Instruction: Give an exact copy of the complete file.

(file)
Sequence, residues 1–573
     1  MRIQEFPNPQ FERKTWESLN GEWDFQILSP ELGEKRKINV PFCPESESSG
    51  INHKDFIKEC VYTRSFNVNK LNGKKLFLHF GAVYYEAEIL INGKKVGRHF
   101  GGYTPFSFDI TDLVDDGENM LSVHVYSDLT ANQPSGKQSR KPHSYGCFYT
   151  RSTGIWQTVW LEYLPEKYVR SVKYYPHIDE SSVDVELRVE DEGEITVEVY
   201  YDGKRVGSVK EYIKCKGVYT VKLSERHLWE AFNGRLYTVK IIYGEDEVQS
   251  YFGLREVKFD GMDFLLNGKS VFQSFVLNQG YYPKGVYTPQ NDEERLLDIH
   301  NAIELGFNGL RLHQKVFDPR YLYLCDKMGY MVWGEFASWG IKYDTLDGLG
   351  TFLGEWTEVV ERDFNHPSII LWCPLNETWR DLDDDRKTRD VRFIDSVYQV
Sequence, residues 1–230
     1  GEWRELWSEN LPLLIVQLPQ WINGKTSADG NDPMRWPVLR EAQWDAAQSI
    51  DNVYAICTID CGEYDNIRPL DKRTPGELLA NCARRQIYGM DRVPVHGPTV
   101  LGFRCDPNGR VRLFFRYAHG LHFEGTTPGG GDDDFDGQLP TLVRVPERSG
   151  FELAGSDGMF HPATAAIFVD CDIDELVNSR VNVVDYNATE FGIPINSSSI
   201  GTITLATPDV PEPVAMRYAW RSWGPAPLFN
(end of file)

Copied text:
Sequence, residues 1–573
     1  MRIQEFPNPQ FERKTWESLN GEWDFQILSP ELGEKRKINV PFCPESESSG
    51  INHKDFIKEC VYTRSFNVNK LNGKKLFLHF GAVYYEAEIL INGKKVGRHF
   101  GGYTPFSFDI TDLVDDGENM LSVHVYSDLT ANQPSGKQSR KPHSYGCFYT
   151  RSTGIWQTVW LEYLPEKYVR SVKYYPHIDE SSVDVELRVE DEGEITVEVY
   201  YDGKRVGSVK EYIKCKGVYT VKLSERHLWE AFNGRLYTVK IIYGEDEVQS
   251  YFGLREVKFD GMDFLLNGKS VFQSFVLNQG YYPKGVYTPQ NDEERLLDIH
   301  NAIELGFNGL RLHQKVFDPR YLYLCDKMGY MVWGEFASWG IKYDTLDGLG
   351  TFLGEWTEVV ERDFNHPSII LWCPLNETWR DLDDDRKTRD VRFIDSVYQV
Sequence, residues 1–230
     1  GEWRELWSEN LPLLIVQLPQ WINGKTSADG NDPMRWPVLR EAQWDAAQSI
    51  DNVYAICTID CGEYDNIRPL DKRTPGELLA NCARRQIYGM DRVPVHGPTV
   101  LGFRCDPNGR VRLFFRYAHG LHFEGTTPGG GDDDFDGQLP TLVRVPERSG
   151  FELAGSDGMF HPATAAIFVD CDIDELVNSR VNVVDYNATE FGIPINSSSI
   201  GTITLATPDV PEPVAMRYAW RSWGPAPLFN